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Non-Linear Editing on the PC
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Old December 19th, 2002, 11:22 PM   #1
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A PC in the field?

Hi,
I have heard of several people carrying a PC (laptop and occasionaly desktop) into the field with them when they shoot.
1. Why would they do this?
2. What are the advantages?
3. Do you do it and why/why not?
Thanks, I was wondering because I didn't really see any advantages to it, but if I am missing somthing, then I will start lugging my 19 pound PC around with me when I shoot. (OK so maybe not...)

Thanks for your input!
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Old December 20th, 2002, 01:35 AM   #2
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If you're the director, you can access storyboards and your script, and make notes digitally. A laptop is no heavier than a big production binder these days. New Tablet PCs are even thinner and lighter and easier to deal with.

If you're the writer, you can make on-the-spot script changes and print up new pages for the actors right away. Nothing makes an actor feel confident and secure like tossing out all his lines the day of the shoot.

If you're the cinematographer, you can run sun arc simulation software to determine how much light there will be and where it will be coming from. Shooting on film? Most cinematographers have databases of films stock exposure curve data sheets saved to their hard drives, so that they know what they will be dealing with.

If you're the producer, you can access your database of contact information to find a new First AC because you just fired the old one when he refused to drive an overloaded grip truck.

If you're the line producer or unit production manager, you can make last minute changes to the call sheets for the next day, and print them out in the afternoon, along with maps on how to get to the next day's location, to hand out to the crew. This will insure that everyone's call sheets aren't inaccurate just because tomorrow's location fell through during today's shoot.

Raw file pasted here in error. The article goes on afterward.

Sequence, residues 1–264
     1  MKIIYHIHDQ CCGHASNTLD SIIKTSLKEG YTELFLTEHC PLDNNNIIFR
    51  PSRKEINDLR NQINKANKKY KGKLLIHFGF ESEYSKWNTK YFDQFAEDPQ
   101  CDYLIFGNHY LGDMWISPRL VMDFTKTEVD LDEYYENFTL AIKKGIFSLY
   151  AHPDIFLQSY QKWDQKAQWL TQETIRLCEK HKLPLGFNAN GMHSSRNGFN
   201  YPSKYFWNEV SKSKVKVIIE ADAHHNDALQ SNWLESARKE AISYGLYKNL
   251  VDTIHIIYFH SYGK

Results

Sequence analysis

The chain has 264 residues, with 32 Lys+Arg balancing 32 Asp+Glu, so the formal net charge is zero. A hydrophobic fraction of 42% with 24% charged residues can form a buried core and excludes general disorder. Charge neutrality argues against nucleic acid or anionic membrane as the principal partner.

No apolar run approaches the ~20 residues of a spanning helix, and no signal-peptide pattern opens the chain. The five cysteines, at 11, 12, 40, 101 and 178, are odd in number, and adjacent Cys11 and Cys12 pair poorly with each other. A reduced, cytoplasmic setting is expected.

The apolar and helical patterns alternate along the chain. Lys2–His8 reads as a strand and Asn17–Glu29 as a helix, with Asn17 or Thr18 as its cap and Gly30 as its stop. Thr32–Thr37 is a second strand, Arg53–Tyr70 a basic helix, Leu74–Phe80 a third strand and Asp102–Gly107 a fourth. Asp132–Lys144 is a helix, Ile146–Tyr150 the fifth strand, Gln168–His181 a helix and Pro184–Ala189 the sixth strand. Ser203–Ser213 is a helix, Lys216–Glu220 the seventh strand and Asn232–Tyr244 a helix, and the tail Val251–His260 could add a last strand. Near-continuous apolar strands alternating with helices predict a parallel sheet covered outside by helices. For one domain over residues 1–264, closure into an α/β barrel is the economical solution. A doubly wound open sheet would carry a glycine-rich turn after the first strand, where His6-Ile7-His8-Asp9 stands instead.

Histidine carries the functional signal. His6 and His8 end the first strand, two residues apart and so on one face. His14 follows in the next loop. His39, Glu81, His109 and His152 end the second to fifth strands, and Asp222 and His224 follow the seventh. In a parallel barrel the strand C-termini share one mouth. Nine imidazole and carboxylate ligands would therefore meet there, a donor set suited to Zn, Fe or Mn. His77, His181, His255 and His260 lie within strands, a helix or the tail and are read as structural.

If you're the editor and you have video feed, you can cut together a scene to check for continuity before striking the setup and moving to the next location. (Big money saver here.)

If you're the underpaid electrician, and you have an 802.11b card, you can day trade between setups and kiss this crappy job goodbye as soon as the economy recovers.

If you're the audio engineer, you can record backup audio directly to your hard drive, but more likely, you can yell at everybody who brought their computers because every one of them is making a different high pitched whine that you're going to have to EQ out later.

If you're the AD, you can use the AC adapter cord to whip the rest of the crew into faster setups.
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Old December 20th, 2002, 03:30 AM   #3
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Thanks Robert!
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Old December 29th, 2002, 05:45 PM   #4
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I sometimes use my laptop to record the DV stream directly
to harddisk instead of tape. Not much on location though, much
more indoor.
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